ST elevation is in aVR.  The ST axis is towards aVR, but this does not mean there is STEMI in aVR!  Instead, this elevation is reciprocal to global subendocardial ischemia with the negative ST axis inferior and lateral, towards the apex (I, II, aVF, III, V3-V6).  There is no occluded artery here.  There is no STEMI.  The precordial ST depression is not maximal in precordial leads V1-V4, therefore there is no posterior ST axis and no posterior STEMI.

2. Isolated posterior STEMI: Leads V1-V4 primarily 

Standard 12-lead ECG
ST depression is limited to precordial leads and is maximal in V2-V4 precordial leads.  Thus the ST axis is posterior.

Posterior ECG: Leads V4-V6 replaced by leads V7-V9
ST elevation in V7-V9 confirms posterior STEMI.  There was a circumflex occlusion.

3. Posterolateral STEMI: Precordial leads V1-V3 +/-V4 with STD in II, III, aVF, but no ST depression in I and minimal STE in aVL

Example 1:
The ST axis is away from inferior and anterior leads, and so is posterior and superior.  With a bit of ST elevation in aVL, it is also lateral.
Example 2:
There is ST Elevation here, in aVL, but it is much less obvious than the ST depression  in inferior leads and in V2, V3.

4. Subendocardial ischemia, non-localized, usually not as severe as #1 above: ST Depression in V3,V4-V6.  ST axis is rightward, with little posterior or inferior components.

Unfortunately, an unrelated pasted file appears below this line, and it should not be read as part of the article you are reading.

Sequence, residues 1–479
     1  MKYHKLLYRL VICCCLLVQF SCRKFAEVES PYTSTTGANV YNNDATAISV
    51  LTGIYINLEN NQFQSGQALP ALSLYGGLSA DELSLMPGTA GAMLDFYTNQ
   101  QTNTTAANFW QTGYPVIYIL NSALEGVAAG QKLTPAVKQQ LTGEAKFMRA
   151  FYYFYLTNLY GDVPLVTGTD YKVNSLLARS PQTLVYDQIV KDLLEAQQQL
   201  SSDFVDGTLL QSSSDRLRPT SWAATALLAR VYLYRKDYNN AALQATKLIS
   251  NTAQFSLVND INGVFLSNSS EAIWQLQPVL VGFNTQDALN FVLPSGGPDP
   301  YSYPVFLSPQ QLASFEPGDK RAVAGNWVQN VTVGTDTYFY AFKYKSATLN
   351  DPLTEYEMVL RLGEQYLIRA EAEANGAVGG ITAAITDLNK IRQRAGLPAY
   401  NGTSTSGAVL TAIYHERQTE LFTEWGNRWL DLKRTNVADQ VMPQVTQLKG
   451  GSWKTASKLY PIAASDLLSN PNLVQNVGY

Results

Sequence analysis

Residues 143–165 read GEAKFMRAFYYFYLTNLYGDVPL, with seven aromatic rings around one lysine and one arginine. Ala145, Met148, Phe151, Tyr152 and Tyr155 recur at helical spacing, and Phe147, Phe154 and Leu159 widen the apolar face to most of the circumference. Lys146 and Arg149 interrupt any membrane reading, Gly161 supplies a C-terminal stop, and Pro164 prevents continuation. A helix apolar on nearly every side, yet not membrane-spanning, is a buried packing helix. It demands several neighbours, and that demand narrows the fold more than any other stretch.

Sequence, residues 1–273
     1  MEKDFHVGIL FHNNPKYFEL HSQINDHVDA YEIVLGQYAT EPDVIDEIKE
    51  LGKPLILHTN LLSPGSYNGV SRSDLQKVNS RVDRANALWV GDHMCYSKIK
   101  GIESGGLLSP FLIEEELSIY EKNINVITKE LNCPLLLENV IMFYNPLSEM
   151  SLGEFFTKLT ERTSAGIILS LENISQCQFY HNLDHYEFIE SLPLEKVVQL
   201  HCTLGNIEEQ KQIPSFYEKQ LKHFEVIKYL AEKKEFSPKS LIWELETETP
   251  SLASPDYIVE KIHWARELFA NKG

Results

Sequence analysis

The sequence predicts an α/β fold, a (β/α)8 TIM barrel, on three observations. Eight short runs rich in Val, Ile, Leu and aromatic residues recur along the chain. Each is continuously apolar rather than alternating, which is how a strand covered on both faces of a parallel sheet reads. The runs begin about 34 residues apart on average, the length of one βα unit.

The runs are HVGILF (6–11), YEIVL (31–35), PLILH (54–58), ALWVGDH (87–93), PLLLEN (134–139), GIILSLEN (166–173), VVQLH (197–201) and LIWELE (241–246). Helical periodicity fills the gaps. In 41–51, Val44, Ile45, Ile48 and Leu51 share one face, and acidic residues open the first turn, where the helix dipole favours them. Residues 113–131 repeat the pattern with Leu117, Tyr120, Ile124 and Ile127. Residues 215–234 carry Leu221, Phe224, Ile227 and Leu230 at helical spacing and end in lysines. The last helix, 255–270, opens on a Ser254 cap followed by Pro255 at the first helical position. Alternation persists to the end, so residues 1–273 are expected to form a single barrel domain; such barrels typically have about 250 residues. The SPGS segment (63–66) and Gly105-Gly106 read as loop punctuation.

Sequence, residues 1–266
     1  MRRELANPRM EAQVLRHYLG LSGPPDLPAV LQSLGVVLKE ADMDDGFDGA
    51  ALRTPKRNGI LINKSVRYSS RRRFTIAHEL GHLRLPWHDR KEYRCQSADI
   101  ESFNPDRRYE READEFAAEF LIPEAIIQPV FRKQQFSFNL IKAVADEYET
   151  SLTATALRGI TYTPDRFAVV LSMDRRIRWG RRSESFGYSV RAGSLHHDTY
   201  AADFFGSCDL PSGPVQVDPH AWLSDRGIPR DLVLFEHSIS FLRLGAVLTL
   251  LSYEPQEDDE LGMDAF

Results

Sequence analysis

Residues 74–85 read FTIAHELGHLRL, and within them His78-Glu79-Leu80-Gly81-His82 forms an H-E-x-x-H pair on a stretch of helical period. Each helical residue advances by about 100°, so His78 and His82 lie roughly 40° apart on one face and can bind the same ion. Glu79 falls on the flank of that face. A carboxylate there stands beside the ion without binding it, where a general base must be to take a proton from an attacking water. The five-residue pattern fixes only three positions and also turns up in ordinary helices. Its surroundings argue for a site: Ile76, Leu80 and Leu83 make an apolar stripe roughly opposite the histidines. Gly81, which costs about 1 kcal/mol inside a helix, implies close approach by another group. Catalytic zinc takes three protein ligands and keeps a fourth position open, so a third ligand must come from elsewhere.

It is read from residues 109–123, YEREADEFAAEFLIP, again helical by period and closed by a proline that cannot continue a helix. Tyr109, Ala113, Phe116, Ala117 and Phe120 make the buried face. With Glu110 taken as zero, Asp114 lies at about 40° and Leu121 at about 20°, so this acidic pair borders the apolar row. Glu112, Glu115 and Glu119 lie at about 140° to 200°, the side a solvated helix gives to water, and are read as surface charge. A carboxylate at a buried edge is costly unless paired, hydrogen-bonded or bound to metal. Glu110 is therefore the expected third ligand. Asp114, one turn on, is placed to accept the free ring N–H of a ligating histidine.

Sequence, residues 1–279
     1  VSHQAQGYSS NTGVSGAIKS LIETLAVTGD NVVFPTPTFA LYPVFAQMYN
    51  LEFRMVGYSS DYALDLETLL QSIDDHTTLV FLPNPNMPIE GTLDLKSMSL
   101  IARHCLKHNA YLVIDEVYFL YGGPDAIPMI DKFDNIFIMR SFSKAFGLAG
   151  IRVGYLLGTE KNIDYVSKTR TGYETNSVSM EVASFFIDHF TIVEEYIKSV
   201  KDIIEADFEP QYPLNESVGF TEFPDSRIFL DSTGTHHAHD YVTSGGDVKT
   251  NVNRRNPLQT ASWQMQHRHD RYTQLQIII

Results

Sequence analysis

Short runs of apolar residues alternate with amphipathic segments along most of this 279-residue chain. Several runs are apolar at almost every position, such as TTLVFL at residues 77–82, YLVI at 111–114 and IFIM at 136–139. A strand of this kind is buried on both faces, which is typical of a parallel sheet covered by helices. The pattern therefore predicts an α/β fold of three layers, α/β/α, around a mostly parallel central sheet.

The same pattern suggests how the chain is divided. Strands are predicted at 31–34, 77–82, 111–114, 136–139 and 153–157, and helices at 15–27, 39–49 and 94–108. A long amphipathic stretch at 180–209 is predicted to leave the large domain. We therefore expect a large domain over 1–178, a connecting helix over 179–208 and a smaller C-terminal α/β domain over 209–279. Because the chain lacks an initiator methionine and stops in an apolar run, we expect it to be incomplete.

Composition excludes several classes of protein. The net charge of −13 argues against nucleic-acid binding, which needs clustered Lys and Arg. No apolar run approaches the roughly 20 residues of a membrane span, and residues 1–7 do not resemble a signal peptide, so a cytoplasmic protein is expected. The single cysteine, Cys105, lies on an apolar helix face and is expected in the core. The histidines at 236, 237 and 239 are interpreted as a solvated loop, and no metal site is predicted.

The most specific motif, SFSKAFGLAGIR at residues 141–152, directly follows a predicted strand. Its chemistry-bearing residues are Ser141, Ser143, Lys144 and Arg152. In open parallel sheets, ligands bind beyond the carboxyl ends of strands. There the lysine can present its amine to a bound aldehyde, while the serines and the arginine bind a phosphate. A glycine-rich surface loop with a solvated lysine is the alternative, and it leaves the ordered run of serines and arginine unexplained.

77 yo presented with pulmonary edema.  Troponin I peaked at 6.7 ng/ml.  There was an inferoposterior wall motion abnormality.  All arteries were diseased but there was no obvious culprit.  This is not a posterior STEMI.  This is a NonSTEMI.
In this case, the ST axis is perpendicular to III and  aVF and towards aVR, and away from I and II (leading to ST depression in I and II).  So it is upward and rightward.  If this were inferior STEMI, the ST axis would be towards III and aVF (which also give ST depression in I and aVL).

5. Isolated High Lateral STEMI: II, III, aVF only (ST Depression is reciprocal to minimal STE in aVL)

Example 1.
Acute Circumflex occlusion (also old inferior MI with Q-waves, and early repol giving anterior STE)

Example 2.
Acute First Diagonal Occlusion.
Example 3.

This patient presented with DKA and an acute STEMI with first diagonal occlusion.  The peaked T-waves are due to hyperkalemia, which was immediately treated.  Notice that the ST elevation in aVL is far less obvious than the reciprocal ST depression in II, III, aVF.  The ST axis is towards aVL and away from inferior leads; thus there is ST depression in inferior leads.  There was a 100% acute occlusion of the first diagonal, with peak troponin I of 110 ng/ml, new lateral wall motion abnormality, and ejection fraction decreased to 55%.

Wednesday, February 8, 2012

The LAD occlusion formula did not work here. Why?

I received this from a reader, who applied the LAD occlusion (anterior STEMI) formula.